Complex cake recipes with many steps are chef Angelo Dal Bó’s (@cozinhadalbo) favorite challenges. “I really take pleasure in the creativity and manual work,” he says. Angelo was inspired to become a chef as a child. “I grew up in the kitchen watching my grandmothers cook for family lunches.” Today, as a photographer and food blogger in his native Brazil, Angelo is out to spread his inherited passion to others. “I realized that my relationship with food is not about selling a physical product. It’s about creating and sharing photographs, recipes and inspiration. I hope I can inspire people to cook more often and take risks in the kitchen,” he says.
Yonathan Garfias (@yonathangarfias) has played with the likes of Tame Impala, Tegan and Sara, Angels and Airwaves, Silverchair and many more. Primarily a bassist, he’s also recorded a number of experimental, ambient solo albums (last year, he simultaneously released five self-produced records). But then, this past February, he announced he was taking an indefinite break from music “unless and until it feels right again,” before unveiling his “final” album in May, the breathlessly named two-part Final Take or (remixing), or (a tribute), or (… the eschatology), or perhaps more accurately (Who Knows What is yet to come?). So, why stop now?
“I got a lot from music, and music got a lot from me,” the 25-year-old resident of Querétaro, Mexico, says. “I got to the point where I just sat in front of the console or the computer and started mixing some tracks I had, just because I had to do it. I didn’t feel the spiritual need to play music or mix or produce, so I felt stuck most of the time. Now I have a ‘normal’ office job, waiting for the feeling to begin once again.”
Yonathan currently works in human resources for the Mexican airline TAR Aerolineas, but he keeps his artistic side satisfied as an amateur photographer, creating a variety of psychedelic images. Lately, he’s posted a number of warped photos that feature colorful circular shapes, mirror-like manipulations of bridges and horizons and washed out collages. Listening to his electronic compositions, it’s apparent that Yonathan treats his photographs like he did his music.
“You like what you see so you shoot it,” he says. “Like music, you play what you feel. All the music I listen to, it’s so similar — alternative, experimental, rock and obviously psychedelic. They all are related to that kind of art.”
Part of the fun of looking at Yonathan’s visual work is how he captions almost all of them with a song lyric, often from an artist with whom he’s collaborated. A recent creation of cloudy swirls is accompanied by “smile on the face of the gods you made,” from the song “Whatever Happened to the Million Head Collide” by Australian psych rockers Pond, while another, of a beautiful woman in a red dress standing in front of a small house reads “you brighten my life like a polystyrene hat, but it melts in the sun like a life without love,” from Silverchair’s “Without You.” “Most of the time I wrote the caption as if it was the story of the photo or part of it, like a music video,” he explains.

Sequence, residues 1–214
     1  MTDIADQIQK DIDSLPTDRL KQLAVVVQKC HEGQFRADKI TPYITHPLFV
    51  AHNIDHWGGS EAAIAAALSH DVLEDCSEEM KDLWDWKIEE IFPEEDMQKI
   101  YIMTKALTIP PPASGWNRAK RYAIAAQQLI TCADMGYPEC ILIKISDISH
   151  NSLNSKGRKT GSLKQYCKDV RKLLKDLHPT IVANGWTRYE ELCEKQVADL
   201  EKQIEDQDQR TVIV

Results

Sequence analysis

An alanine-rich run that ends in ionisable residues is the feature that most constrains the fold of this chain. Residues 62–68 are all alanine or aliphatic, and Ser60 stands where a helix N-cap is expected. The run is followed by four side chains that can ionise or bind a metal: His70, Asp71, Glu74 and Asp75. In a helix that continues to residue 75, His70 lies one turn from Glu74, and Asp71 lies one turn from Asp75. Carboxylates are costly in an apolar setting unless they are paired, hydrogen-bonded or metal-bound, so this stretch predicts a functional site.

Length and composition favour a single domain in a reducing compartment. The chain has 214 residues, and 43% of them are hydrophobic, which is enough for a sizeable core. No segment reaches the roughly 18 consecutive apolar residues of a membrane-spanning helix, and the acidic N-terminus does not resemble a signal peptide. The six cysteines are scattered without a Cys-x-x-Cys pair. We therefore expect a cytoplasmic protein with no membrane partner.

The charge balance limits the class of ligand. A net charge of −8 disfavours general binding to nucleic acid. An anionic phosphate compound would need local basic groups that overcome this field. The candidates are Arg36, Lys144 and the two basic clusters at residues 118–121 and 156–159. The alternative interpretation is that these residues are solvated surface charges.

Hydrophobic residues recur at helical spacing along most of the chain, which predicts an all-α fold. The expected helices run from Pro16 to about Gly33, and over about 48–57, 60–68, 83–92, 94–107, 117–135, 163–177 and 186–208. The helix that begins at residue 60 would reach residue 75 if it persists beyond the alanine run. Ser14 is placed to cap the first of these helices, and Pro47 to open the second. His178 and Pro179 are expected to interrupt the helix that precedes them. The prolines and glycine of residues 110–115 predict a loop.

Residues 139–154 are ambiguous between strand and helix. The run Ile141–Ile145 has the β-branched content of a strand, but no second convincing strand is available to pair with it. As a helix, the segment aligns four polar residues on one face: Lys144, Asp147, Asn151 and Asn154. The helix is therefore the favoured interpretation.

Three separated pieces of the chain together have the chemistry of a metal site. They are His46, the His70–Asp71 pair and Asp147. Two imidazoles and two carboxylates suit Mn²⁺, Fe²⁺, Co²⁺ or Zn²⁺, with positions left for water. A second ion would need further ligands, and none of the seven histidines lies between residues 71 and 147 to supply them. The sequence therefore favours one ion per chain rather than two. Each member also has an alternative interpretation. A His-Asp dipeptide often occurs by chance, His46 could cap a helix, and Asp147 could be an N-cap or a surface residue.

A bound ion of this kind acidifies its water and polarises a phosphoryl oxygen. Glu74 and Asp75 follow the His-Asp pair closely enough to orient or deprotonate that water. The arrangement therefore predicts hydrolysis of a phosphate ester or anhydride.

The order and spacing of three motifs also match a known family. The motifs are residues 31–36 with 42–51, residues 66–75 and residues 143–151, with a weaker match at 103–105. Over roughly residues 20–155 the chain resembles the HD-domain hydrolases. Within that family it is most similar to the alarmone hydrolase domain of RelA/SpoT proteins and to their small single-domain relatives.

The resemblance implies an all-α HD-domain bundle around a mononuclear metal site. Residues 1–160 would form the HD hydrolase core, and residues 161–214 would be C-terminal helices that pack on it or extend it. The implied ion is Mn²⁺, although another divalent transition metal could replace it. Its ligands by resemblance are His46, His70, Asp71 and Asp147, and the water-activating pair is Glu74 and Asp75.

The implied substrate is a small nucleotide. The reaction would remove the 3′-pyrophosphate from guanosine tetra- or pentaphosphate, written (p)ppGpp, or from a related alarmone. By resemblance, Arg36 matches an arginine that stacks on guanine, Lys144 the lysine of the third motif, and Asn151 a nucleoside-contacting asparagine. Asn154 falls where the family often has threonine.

For now, Yonathan is content to work his office job and save money while pondering a musical comeback. One of his goals is to open both a bar and a coffee shop. For the bar, he wants it to be a place where “you can listen to some good music, see bands live and [watch] sports,” like soccer, American football and boxing.
“And the coffee shop,” he adds, “would be a nice but not expensive place where we roast our coffee beans, where bands could play some live acoustic music and host a photo exhibition. It would be great for me!”
– Dan Reilly for Instagram @music
For more photos of Mujtaba’s journey, follow @mujtabajalali on Instagram.
Generations of refugees, driven by years, and decades of war, are landing on the shores of Europe. Among them is Mujtaba Jalali (@mujtabajalali), a 24-year-old photojournalist, born in Iran to parents who fled Afghanistan 30 years ago. “You hear news, every day, of refugees coming in,” he says, describing a journey that has taken him across three countries so far, “but you will never feel the moments when mothers sleep with their two-year-old kids in freezing weather in the mountains, and when they feel death very close on the sea, with no captain.” Determined to tell the story of hundreds of thousands of displaced people, Mujtaba, along with three Afghan friends, joined an exodus of desperate travelers from the Middle East, Africa and South Asia. Unlike previous generations of refugees, he stays connected to his parents over messaging apps — meanwhile, his sister is following his journey on Instagram. He reflects on his passage across borders, saying, “It’s humans’ right, regardless of their nationality, religion and skin color to choose wherever they want to live, in peace and security.”
For more sharp pencil photos, follow @cwpencilenterprise on Instagram.
In this increasingly paperless age, a boutique that specializes in pencils may seem antiquated. Yet for Caroline Weaver (@cwpencilenterprise), the owner of Manhattan’s C.W. Pencil Enterprise, business is booming. Curiosity has lured customers into her sharply designed, happy shoebox of a store. “A lot of adults just haven’t written with a pencil for a long time,” says the 24-year-old proprietor and art school graduate. “One of the most popular ones in my shop is a Caran d’Ache Black Wood, mostly because it’s beautiful. It’s an entirely black pencil and very chic. Then people write with it. It’s so buttery it glides across the page. Writing with a pencil can be just as pleasurable as writing with an $800 fountain pen.” It’s certainly less pricey — most of the two dozen brands Caroline carries can be paid for with pocket change. Still, there is a vernacular specific to pencil connoisseurs. “Point retention means how long you can write with it until you have to sharpen it again. The metal thing that holds the eraser at the end of a pencil is called a ‘ferrule.’ Otherwise, we try not to use the word lead because there was never actually any lead in a pencil,” Caroline says, decoding the language of pencil buffs. “We get called out for being nerds all the time.”